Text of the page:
Glass: Symphony No. 5

Our rating 
3.0 out of 5 star rating 3.0

COMPOSERS: Glass
LABELS: Nonesuch
WORKS: Symphony No. 5
PERFORMER: Ana Maria Martinez (soprano), Denyce Graves (mezzo-soprano), Michael Schade (tenor), Eric Owens (baritone), Albert Dohmen (bass-baritone); Morgan State University Choir, Hungarian Radio Children’s Choir, Vienna RSO/Dennis Russell Davies
CATALOGUE NO: 7559-79618-2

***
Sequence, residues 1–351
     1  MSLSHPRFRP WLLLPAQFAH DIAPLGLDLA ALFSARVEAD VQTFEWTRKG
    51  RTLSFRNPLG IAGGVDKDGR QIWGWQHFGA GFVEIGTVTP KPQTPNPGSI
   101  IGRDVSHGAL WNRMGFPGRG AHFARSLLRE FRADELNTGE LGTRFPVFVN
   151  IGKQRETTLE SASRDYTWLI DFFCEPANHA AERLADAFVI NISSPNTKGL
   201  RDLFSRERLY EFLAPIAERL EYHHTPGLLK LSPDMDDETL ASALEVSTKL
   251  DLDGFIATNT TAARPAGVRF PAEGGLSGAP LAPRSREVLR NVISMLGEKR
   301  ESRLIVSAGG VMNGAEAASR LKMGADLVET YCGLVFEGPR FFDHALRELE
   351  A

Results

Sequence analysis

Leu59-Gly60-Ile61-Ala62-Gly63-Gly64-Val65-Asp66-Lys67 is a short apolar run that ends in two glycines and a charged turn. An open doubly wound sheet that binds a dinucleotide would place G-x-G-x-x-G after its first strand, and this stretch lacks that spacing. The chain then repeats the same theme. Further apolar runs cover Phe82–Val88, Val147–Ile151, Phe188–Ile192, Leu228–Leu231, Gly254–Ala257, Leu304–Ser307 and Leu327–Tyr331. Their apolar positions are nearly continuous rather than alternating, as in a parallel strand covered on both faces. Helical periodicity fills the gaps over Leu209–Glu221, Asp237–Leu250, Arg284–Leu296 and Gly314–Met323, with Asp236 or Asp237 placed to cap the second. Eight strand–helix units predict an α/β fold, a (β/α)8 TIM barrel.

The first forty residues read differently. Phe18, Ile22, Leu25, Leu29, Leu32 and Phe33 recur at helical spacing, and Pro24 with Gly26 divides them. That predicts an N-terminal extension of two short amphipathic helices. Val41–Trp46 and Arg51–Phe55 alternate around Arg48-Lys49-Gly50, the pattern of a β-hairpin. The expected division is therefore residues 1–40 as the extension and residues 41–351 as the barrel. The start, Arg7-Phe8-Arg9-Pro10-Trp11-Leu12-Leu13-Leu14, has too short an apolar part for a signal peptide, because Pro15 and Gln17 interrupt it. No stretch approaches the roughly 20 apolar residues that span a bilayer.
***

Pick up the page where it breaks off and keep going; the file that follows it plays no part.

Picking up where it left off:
Philip Glass’s new Symphony is yet another big musical statement for the millennium. It’s a vast choral and orchestral setting of sacred texts from the Hindu, Buddhist, Christian and Muslim traditions, plus one or two intriguing Japanese and Native American sources. These are translated into English and arranged in a nine-movement Requiem, showing the decline of Creation into suffering and death, the present moment we’re in now, and a joyous closing ‘rebirth’. It’s a long piece, over 90 minutes, and much of it has a kind of all-purpose solemn grandeur, conveyed by endlessly revolving three- or four-chord patterns, decked out with ponderous bass notes and ‘awesome’ brass chorales. The sound has a curiously bodiless quality, which is partly the performance – the choral singing is very bloodless – but mostly due to the recording, which has been tweaked and manicured into a smooth blandness. It could have been toe-curlingly awful, but there are redeeming features. The soloists are excellent, the creamy mezzo sound of Denyce Graves being especially fine. And to my surprise, I found in between the long stretches of loud Hollywood Bible-epic blandness, sudden quiet, touching moments, where Glass’s stiffness and ungainliness take on a Satie-like innocence. Ivan Hewett

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